Try to fill up your vehicle’s gas tank in the evening to help prevent emissions from building up to form smog during the day. Also, don’t top off the tank, which allows fuel to escape as vapor and also increases the chance for spilling gas. Finally, after you finish filling up, make sure you properly tighten the gas cap; otherwise, gas will evaporate from your car’s tank.
Pay Attention to the "Check Engine" Light
If your “check engine” light is on, get your vehicle checked out as soon as possible. By keeping your engine tuned, you can reduce emissions, as well as help increase gas mileage. Repairing even a minor problem can improve a vehicle’s gas mileage by as much as 4%. Fixing a serious maintenance problem, such as a faulty oxygen sensor, can improve your mileage by as much as 40%.
Check Tire Pressure
To improve fuel economy and reduce emissions from your vehicle, keep your tires properly inflated. By keeping your tires at their maximum recommended pressure, they’ll last longer, they’ll deliver better gas mileage, and you’ll be safer on the road.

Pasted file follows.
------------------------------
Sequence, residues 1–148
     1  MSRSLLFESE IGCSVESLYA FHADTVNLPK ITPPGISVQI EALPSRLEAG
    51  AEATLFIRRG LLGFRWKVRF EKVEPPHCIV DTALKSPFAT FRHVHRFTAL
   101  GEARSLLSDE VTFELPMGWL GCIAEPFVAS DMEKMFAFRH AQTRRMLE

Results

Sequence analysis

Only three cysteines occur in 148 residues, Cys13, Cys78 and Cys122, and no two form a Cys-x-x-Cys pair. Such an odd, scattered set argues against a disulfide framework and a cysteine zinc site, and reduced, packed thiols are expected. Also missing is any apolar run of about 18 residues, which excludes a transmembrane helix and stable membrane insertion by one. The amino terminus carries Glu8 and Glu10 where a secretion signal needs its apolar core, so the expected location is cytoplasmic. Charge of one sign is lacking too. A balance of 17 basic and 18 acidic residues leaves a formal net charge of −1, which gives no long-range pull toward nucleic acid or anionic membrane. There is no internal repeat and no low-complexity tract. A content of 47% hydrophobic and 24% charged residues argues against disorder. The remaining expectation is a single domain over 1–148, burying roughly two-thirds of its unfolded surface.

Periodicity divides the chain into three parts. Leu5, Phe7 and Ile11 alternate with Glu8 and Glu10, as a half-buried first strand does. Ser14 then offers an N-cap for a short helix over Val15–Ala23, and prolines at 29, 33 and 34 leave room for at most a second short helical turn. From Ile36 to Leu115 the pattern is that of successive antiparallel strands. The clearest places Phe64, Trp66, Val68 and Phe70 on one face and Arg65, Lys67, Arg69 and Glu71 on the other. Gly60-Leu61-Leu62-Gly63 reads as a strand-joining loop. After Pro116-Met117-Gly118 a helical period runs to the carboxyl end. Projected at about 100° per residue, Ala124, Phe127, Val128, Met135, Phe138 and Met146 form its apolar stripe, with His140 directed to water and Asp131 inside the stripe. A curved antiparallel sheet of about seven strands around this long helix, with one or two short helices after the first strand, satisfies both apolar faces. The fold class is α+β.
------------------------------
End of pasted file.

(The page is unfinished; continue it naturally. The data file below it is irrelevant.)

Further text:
Replace Air Filters
Check the air filter in your vehicle and replace it regularly. Clogged air filters cause engines to work harder, which requires more fuel. Replacing a clogged air filter can improve your vehicle’s fuel economy by as much as 10%. And you’ll lower your fuel costs, protect your engine, and reduce emissions from your vehicle.
If you expect to idle for more than 30 seconds, park your vehicle, turn it off, and go inside. Unnecessary idling wastes fuel and creates more emissions than restarting the engine. Whether you’re at a restaurant, a bank, or anywhere else you might wait in line, avoid unnecessary idling by parking and turning off your vehicle. You’ll dramatically reduce your fuel costs and help improve air quality.
Maintain Your Vehicle
With proper maintenance, such as changing your oil, checking your tire pressure, and replacing filters, you can reduce your car’s emissions and improve gas mileage up to 5%, which can save you up to $0.24 per gallon of fuel used. A poorly maintained vehicle can release as much as 10 times the emissions of a well-maintained one. Follow the manufacturer's instructions on routine maintenance. If you drive a well-maintained car with a 13-gallon gas tank and fill your tank once a week, you could save $3.12 a week.